Schulz ‘71 was a student at Oberlin during very turbulent
times," said Wendell P. Russell Jr. ‘71 in September
when he presented Schulz with the Alumni Council’s Distinguished
"When we entered Oberlin in the fall of 1967, little did
we know that within a few weeks all hell was going to break loose
on our campus and turn our college years into a crucible of intense
and often violent social change," said Russell, who is president-elect
of the Alumni Association.
Schulz, who has been director of Amnesty International USA since
1994, received the award in recognition of his career, which "represents
the best of Oberlin’s values of internationalism, social
justice, and the advancement of human rights," said Russell.
While on campus, Schulz met with students and described some of
the "extraordinarily formative" events at Oberlin that
led him to become a lifelong human-rights advocate.
"What I found here was a school where the competition of
ideas, the fundamental questioning of basic assumptions, develops
the capacity to let no idea be so profoundly held that one kills
in its name."
Fascinated by the connection between intellectual thought and
the way in which history is shaped, Schulz said he took classes
from "four compelling professors [of history, English, sociology,
and religion, respectively]: Geoffrey Blodgett, Dewey Ganzel, Milton
Yinger, and Clyde Holbrook."
From them he learned that ideas "are not just fun, they're
not just pretty, but they have consequences in the world. And if
ideas are warped into rigid ideologies, they can have profoundly
negative, disastrous consequences."
During 1970, his junior year, Schulz experienced his first major
disaster: the shootings at Kent State University. "I was a
student minister, the only minister, at a small Unitarian church
in Kent. I wasn’t
there when the shootings occurred, but many of my parishioners
were Kent faculty members, and they were profoundly affected by
the day’s events, so I drove over there
"I found a city under siege. The National Guard was posted
on all of the street corners, and the city council had banned all
gatherings. Churches were not even allowed to hold services to
commemorate the death of the students. We found that outrageous
so we defied the city and had our own memorial service."
The experience, he said, helped him understand a number of things,
including that "sometimes governments, even democratic governments,
can turn on their own citizens."
From Oberlin Schulz went on to pursue two master’s degrees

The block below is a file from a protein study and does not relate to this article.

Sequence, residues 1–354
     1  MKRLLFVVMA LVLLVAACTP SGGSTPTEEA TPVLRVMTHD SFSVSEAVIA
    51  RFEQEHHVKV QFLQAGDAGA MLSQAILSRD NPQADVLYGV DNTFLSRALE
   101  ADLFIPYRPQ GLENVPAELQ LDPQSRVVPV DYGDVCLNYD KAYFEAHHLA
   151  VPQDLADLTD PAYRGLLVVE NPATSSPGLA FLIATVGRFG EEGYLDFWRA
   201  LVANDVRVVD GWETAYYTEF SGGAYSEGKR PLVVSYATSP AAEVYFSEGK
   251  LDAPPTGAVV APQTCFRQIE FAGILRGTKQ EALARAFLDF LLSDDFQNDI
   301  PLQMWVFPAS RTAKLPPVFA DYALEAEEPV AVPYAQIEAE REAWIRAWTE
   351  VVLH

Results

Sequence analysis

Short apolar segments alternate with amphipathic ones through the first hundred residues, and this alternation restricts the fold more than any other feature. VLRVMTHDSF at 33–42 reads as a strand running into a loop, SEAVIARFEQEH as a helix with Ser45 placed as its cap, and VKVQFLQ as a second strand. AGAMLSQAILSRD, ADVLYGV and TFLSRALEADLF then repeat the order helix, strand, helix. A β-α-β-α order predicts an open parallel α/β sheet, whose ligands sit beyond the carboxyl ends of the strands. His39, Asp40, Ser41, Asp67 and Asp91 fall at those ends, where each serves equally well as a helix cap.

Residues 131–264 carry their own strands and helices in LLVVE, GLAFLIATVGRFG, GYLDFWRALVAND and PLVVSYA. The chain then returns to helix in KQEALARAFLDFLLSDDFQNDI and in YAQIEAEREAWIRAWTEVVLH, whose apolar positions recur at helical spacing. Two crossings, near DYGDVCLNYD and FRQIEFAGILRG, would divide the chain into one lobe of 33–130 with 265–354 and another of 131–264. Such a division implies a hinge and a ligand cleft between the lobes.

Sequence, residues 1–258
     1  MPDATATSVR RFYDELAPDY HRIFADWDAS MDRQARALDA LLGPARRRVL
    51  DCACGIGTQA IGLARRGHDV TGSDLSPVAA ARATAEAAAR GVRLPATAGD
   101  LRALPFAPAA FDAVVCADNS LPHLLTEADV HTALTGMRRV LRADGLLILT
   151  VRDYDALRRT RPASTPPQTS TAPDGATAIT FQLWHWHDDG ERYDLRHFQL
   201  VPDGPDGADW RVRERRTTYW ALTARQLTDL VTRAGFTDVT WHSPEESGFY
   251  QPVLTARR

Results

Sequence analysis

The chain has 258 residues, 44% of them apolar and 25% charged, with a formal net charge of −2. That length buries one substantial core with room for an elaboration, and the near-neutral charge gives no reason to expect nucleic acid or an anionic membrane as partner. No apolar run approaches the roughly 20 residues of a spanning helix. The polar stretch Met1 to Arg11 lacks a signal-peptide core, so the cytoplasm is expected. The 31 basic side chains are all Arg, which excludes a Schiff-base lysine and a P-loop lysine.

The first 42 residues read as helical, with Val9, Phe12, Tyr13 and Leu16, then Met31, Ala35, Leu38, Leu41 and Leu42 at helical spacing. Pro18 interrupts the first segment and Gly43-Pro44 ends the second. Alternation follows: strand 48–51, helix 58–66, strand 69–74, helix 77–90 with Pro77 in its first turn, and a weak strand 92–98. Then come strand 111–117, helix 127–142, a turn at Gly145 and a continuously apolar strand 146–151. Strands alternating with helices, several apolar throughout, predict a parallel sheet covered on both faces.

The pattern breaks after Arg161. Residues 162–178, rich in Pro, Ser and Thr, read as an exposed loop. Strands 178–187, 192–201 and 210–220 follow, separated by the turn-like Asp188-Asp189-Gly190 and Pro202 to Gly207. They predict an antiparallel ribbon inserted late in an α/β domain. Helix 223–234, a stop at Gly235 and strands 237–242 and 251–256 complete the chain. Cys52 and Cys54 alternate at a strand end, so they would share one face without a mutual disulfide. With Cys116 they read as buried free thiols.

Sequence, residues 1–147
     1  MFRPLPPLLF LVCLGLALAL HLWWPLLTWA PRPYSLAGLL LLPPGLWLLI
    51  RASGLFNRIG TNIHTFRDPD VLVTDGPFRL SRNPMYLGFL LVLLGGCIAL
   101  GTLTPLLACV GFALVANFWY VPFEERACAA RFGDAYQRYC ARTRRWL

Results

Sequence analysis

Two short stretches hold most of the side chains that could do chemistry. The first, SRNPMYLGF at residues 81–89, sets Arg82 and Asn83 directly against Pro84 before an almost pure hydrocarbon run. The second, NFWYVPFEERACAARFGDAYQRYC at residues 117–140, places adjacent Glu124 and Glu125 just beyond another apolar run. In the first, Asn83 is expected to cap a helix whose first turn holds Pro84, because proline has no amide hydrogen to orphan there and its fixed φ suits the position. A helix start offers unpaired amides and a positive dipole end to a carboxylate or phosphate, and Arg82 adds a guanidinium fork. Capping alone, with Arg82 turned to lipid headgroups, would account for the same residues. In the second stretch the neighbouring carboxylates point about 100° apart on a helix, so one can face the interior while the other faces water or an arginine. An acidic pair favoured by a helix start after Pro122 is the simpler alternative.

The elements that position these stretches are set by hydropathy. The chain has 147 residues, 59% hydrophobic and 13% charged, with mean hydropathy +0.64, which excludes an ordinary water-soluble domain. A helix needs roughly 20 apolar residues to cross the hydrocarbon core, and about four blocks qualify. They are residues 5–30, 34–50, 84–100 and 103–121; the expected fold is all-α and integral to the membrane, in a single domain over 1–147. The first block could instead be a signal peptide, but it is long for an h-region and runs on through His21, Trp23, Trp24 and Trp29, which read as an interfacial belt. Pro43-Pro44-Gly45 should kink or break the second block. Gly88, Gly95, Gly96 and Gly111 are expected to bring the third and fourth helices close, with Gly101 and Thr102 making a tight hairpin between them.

and a doctorate and service as a parish minister, president of
the Unitarian Universalist Association of Congregations, and executive
director of Amnesty International USA.
Throughout his 27-year career, Schulz has spoken out in opposition
to the death penalty; given his support to women’s rights,
gay and lesbian rights, and racial justice; organized and participated
in demonstrations; and written extensively on behalf of all four
causes, including the 2003 book: Tainted Legacy: 9/11 and the
Ruin of Human Rights.
He has also traveled extensively, both in the U.S. and abroad,
on investigative missions for Amnesty International (AI). In 1997,
he led a mission to Liberia to investigate atrocities committed
during that country’s civil war, and in 1999 he traveled
to Northern Ireland with AI to insist that human-rights protections
be incorporated into the peace process.
A few days after the Alumni Council presentation, Schulz and an
Amnesty delegation flew to another crucible of violent social change,
Darfur, in Southern Sudan, where they spent considerable time in
the refugee camps listening to horror stories from victims of the
How does Schulz deal with the pain? He says one thing that keeps
him going is meeting victims who somehow have emerged whole from
their suffering; or, if not whole, then they have decided not to
allow that experience to define who they are for the rest of their
"I also try hard" he says, "to keep in perspective
that as painful and poignant and sad and tragic many of the experiences
are that I hear about, it is nothing compared to undergoing them.
My role, ultimately, is to be a voice for those who have no voice."
While on campus, Schulz also presented a free public talk drawn
from Tainted Legacy: 9/11 and the Ruin of Human Rights. Excerpts
will appear in the winter issue of the Oberlin Alumni Magazine.